Gadolinium and You: Why Imaging Centers Should Be Concerned

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The connection between gadolinium and the disease known as nephrogenic fibrosis syndrome (NFS) presents an urgent and immediate reason for imaging centers to amend MR policies, procedures, and protocols.

A flurry of advisories from the FDA, the ACR’s Document for Safe MR Practices: 2007, reports in the peer-review literature, and aggressive activities on the part of the legal community, have put this troubling development front and center for all parties associated with medical imaging.

“To the best of my knowledge yes, imaging center cases have been reported,” says Emanual Kanal, MD, Director, MR Services, University of Pittsburgh Medical Center “I don’t think all of these patients are inpatients at all.”

NSF/NFD, first observed in 1997, causes thickening and hardening of the skin, usually in the extremities, and occurs in patients with underlying renal disease. It is a progressive, irreversible, and potentially fatal disease. Nearly all known cases of the disease have occurred in patients with at least one known exposure to gadolinium within a few days to months prior to developing the disease. But experts still do not know why some patients develop NSF, or how to prevent NSF from occurring.

Nonetheless, the first lawsuit pertaining to NSF and gadolinium was filed in Cleveland by law firm Spagenberg, Shibley & Liber [ http://www.spanglaw.com/] on behalf of a retired Cleveland restaurant supplier who claims he contracted NSF from an MRI contrast agent. Other law firms are actively soliciting NSF patients.

At-Risk Patients

Most experts agree that there is a link, but it is not known whether the causative agent is released free gadolinium, prolonged exposure to abnormally high doses of gadolinium-plus-chelate, the chelate itself or some combination of the above with additional factors related to the biochemistry of patients with severe renal failure, according to the ACR’s Document for Safe MR Practices: 2007. The same document notes that some data suggest that elevated levels of phosphate, iron, zinc, or copper, or the presence of Fosrenol might serve as competitors for the chelate molecule and increase the concentration of free gadolinium in the patient.

Compounding the problem is the fact that a history of multiple prior administrations of gadolinium also appears to be associated with an increased incidence of the development of NSF. And the patients most likely to require high dose administration of gadolinium are the very patients most at risk for developing NSF, namely those with underlying renal disease.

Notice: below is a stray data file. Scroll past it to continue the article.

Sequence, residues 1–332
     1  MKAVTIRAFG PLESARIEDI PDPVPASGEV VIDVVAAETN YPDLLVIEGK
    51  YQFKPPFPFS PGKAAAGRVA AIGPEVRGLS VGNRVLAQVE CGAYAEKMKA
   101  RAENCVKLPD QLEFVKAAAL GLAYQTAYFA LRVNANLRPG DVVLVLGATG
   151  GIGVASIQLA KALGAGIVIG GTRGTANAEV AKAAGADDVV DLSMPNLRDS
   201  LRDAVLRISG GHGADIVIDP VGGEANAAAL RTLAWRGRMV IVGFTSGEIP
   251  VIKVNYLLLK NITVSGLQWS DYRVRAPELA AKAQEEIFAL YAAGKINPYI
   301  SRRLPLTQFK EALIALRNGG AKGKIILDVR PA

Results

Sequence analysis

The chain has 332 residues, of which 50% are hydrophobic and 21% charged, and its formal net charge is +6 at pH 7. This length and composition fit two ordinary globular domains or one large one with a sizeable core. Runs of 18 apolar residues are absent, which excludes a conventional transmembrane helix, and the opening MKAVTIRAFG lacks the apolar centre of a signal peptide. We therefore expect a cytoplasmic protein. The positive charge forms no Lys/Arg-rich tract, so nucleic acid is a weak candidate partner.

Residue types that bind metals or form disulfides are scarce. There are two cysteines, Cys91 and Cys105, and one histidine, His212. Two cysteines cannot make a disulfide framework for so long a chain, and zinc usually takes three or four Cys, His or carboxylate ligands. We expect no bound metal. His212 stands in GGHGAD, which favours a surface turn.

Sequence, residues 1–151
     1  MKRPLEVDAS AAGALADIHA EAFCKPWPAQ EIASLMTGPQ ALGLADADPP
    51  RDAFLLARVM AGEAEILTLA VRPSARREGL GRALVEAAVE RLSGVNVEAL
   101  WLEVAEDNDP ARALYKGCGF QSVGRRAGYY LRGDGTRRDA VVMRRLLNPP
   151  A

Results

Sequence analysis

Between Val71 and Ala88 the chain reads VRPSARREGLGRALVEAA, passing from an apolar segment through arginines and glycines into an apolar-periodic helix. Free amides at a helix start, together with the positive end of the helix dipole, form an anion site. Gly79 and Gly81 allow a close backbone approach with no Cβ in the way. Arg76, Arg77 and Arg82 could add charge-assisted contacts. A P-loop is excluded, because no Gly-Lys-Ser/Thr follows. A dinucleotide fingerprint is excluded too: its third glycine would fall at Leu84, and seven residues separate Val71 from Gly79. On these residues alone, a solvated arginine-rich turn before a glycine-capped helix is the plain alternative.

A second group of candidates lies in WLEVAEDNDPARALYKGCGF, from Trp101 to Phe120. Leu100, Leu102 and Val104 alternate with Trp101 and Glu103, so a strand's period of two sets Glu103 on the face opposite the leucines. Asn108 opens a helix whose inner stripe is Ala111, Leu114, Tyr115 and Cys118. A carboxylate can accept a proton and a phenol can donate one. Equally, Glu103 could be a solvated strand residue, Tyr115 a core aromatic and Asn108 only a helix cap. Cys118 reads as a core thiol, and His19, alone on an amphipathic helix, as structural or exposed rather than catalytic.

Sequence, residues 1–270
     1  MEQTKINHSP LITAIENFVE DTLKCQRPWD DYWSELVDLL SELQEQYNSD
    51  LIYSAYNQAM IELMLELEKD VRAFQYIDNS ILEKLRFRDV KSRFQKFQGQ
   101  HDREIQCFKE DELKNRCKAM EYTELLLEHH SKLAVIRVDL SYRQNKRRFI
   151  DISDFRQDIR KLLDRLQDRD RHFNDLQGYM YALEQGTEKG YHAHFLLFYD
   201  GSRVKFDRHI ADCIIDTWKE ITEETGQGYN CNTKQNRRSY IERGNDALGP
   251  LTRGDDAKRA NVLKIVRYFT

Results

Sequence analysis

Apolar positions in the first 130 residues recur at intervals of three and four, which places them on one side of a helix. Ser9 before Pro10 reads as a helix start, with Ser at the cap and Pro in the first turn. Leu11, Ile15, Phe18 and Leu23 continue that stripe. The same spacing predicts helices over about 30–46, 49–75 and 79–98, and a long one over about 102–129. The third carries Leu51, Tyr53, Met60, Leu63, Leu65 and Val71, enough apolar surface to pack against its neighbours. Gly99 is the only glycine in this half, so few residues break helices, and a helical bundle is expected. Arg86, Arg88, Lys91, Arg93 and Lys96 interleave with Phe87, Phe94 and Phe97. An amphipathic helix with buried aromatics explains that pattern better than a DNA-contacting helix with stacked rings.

“We are predominantly seeing this in high-dose, such as double- or triple-dose applications” reports Kanal. “It seems that the number one clinical situation for which high dose gadolinium based MR contrast agents are given is an MR angiographic study.”

Because contrast is not typically used in MRA of the brain and a standard dose is typically used in MRA of the carotid arteries, Kanal explains, the patients getting high-dose gadolinium are primarily those who need a non-neurological, body application MR angiogram, such as a peripheral run-off or a cardiac MR examination or MR angiographic evaluation of renal artery stenosis. “So when you stop and think about it, who are the patients that are getting double dose contrast?” asks Kanal. “It’s people who have peripheral artery disease, and patients with renal artery stenosis, and diabetics, and hypertensive patients; in general, frequently it is patients who are likely to have problems with their kidneys. I believe that this is why we are seeing such a predominance of these cases in instances of MR angiography in renal disease patients.”

Kanal adds that known renal disease is a predominant indication to send patients for an MR angiogram rather than to CT, as clinicians and radiologists believe that this might protect these patients from developing contrast-induced nephropathy related to iodinated contrast agents. “And it seems that the worse the renal disease and the higher the dose, the better the chance of developing NSF,” he notes.

Are All Agents Dangerous?

Cases of NFS have been associated with three of the five agents currently approved by the FDA: OmniscanTM, Optimark®, and, Magnevist®. “To go by pure numbers in the peer review literature, to date there have been roughly 55 cases reported to have been associated with a prior Omniscan administration, two reported with a prior Magnevist administration, and none that reported a prior administration